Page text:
Monday, 27 February 2012
The Anchors - Soul Upstairs (1969)
Today we have very special treat, the debut album by one of Alexandra's first soul groups — The Anchors. Under the influence of the Memphis Sound of groups like Booker T and the MGs, organ jive swept South Africa in the late 1960s and the Anchors were one of the earliest purveyors of this style of music. Last Time, a single (not on this LP) by the group, is featured on the excellent Next Stop Soweto Vol. 2 (2010) album, one of the best compilations in recent years.
Soul Upstairs was produced by Ray Nkwe, then the president of the newly formed Jazz Appreciation Society (see JAS Pride label). Nkwe must have played a significant role in promoting this sound in the late 1960s because in the same year he also produced the first album, Soul-A-Go-Go, by another significant soul group, The Beaters (later renamed Harari).
Soul Upstairs was recorded in March 1969 at Herrick Merrill Studios in Johannesburg and issued on the City Special label. The LP appears to be that labels first project unless there is a CYL 1000 out there. Of course this label would soon be famously dominated by another organ driven soul group — The Movers. The album features at least two hits of the period: Collin Goes and Tell Me.
The liner notes reveal that the Anchors were formed in March of 1968 by Ezrom Kgomo and Collins Mashigo (Mashego) after a split in an earlier Alexandra soul group simply called The Soul. At the time of this recording, the bulk of the members were still in school and included Patrick Nkosi (who was 19 at the time) on organ, Anderson Nkosi (18) on lead guitar, Given Sabela (19) on bass, Condry Sequbu (Ziqubu) (who must have been 13 or 14) on rhythm guitar, and Dinah Mbatha (17) on vocals.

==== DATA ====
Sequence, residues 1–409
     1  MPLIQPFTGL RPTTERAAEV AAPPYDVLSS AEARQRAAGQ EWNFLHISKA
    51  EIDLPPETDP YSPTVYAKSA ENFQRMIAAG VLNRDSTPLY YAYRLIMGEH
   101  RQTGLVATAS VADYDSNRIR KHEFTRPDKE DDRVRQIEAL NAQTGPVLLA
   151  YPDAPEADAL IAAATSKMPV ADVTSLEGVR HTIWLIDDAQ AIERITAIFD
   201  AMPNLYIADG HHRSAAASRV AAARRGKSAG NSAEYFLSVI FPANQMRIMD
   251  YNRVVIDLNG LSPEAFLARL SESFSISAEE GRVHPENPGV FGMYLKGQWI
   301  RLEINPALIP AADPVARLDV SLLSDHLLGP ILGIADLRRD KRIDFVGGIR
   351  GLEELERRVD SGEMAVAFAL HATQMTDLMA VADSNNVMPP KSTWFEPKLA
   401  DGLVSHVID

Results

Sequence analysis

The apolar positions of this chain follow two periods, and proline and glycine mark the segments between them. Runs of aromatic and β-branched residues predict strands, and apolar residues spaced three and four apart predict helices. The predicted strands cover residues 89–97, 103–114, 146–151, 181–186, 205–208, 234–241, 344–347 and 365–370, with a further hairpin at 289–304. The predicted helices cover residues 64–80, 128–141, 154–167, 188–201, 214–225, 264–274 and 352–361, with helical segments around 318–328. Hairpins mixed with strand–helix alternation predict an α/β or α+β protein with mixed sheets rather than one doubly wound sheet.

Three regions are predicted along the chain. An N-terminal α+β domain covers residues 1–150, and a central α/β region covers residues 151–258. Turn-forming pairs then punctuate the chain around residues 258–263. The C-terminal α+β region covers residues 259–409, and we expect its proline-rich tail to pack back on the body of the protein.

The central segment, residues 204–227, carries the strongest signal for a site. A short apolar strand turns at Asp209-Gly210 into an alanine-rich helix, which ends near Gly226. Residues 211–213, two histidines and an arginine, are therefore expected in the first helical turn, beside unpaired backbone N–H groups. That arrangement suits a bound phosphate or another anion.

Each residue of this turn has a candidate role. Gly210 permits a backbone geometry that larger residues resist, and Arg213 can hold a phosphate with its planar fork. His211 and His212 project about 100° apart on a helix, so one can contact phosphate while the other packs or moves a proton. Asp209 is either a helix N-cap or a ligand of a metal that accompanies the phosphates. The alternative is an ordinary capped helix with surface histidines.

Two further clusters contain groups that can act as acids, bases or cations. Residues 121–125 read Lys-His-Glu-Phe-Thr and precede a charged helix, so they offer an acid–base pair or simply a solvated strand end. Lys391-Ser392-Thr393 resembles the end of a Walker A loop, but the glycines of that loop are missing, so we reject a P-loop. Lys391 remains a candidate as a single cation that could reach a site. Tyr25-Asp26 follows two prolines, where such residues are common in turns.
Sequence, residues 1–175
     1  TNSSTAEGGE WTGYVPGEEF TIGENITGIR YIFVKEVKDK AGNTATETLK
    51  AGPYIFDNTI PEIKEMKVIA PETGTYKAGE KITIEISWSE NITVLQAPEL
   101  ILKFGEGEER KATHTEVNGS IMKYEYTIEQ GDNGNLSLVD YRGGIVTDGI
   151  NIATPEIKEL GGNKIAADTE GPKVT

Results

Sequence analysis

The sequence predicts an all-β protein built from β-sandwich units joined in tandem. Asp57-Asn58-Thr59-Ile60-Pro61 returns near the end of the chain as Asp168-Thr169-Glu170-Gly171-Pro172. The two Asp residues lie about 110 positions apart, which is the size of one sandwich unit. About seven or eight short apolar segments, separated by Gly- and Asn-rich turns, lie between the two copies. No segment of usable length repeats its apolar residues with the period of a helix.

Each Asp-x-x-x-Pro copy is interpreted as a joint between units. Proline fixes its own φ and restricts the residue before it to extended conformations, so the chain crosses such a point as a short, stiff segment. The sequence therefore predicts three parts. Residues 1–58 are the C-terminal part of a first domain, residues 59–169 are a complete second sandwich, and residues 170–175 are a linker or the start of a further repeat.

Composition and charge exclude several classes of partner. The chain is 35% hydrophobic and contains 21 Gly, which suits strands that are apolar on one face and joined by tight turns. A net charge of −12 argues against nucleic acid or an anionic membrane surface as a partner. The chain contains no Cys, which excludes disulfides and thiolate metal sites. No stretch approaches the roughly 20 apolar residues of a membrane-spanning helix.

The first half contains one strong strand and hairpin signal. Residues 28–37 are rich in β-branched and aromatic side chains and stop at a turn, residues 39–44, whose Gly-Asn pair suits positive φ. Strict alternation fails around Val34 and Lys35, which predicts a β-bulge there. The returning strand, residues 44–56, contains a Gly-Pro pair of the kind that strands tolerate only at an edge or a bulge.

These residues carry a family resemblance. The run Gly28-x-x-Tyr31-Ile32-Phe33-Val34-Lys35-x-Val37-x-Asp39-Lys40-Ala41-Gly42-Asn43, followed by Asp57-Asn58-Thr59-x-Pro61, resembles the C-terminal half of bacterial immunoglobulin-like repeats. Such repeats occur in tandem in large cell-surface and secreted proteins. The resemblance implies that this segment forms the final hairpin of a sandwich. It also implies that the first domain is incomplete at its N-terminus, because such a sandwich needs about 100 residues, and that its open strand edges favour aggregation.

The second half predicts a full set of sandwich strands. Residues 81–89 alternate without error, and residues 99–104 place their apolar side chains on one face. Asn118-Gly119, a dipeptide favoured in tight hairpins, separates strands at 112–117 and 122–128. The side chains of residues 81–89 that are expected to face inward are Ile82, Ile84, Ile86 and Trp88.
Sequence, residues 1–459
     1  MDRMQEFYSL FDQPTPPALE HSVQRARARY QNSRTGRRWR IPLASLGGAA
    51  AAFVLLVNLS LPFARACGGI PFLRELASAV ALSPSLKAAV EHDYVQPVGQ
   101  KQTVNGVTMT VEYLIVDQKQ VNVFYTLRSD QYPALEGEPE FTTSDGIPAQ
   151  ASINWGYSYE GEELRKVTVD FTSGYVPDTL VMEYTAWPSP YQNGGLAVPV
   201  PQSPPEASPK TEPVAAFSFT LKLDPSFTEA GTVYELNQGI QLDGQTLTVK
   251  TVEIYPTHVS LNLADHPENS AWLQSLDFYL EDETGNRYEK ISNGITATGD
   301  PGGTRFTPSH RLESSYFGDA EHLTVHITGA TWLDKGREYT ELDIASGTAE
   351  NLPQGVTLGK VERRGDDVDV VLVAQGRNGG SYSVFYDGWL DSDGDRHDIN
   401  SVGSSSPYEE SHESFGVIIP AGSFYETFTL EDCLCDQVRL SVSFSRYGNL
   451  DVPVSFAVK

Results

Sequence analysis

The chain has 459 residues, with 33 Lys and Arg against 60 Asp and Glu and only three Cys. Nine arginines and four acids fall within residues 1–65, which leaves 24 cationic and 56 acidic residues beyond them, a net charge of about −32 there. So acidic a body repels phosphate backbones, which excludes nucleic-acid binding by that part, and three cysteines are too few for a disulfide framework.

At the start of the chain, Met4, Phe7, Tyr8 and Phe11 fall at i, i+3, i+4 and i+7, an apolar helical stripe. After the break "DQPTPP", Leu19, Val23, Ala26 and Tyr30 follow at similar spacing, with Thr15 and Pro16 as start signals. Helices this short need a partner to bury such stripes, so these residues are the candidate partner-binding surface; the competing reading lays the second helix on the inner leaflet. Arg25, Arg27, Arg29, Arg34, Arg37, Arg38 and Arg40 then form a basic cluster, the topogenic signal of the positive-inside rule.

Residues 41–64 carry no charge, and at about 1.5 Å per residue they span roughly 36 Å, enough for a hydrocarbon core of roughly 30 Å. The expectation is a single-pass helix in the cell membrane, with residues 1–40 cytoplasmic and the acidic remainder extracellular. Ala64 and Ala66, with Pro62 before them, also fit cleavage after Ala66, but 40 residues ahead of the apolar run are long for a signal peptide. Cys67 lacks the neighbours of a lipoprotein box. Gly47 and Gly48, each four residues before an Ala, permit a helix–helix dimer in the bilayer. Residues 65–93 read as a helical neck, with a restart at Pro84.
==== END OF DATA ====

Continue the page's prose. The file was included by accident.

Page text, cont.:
On the other hand, according to Max Mojapelo the group was formed by Kgomo and Mashego, but it included Simon 'Bra Jika' Twala on bass, Philip Malela, Pepsi Rapoo on vocals and Herman Fox on lead guitar. Majepelo goes on to say that the group was later joined by Ziqubu, Sabela, Dinah and brother Lucky Mbatha, Mbokoto Nkosi and Jabu Nkosi, son of the legendary 'Zacks' Nkosi. It is not clear to me whether keyboardist Jabu Nkosi is the same as Patrick Nkosi who plays the organ on this recording or which version of the group is the original lineup.
Nevertheless, the Anchors split in the early 1970s with Simon Twala, Philip Malela and Herman Fox going on to form the Flaming Souls, another famed soul group of the period. See their album Alex Soul Menu here at Electric Jive. Condry Ziqubu would soon replace Fox in that group on lead guitar after his untimely death by stabbing. Ziqubu then moved on to the group Harari in 1980. Both Dinah Mbatha and Philip Malela migrated to the Movers. Collins Mashego after becoming an MC would later join the SABC. Mojapelo also mentions that he produced the historic funeral of the late Simon Mahlathini Nkabinde. Given Sabela and Jabu Nkosi would also record with 'Zacks' Nkosi on his classic 1976 LP Our Kind of Jazz (not the 1964 compilation of 78s).
Interestingly at the end of the liner notes on Soul Upstairs, Lucas Molete asks Kgomo if he would like to play with the group abroad and receives this answer: "No, we don't want to play overseas. We want the cats overseas to come here and listen to us. We want them to know that there is something brewing in Africa."
View images and liner notes from the LP in detail at flatinternational.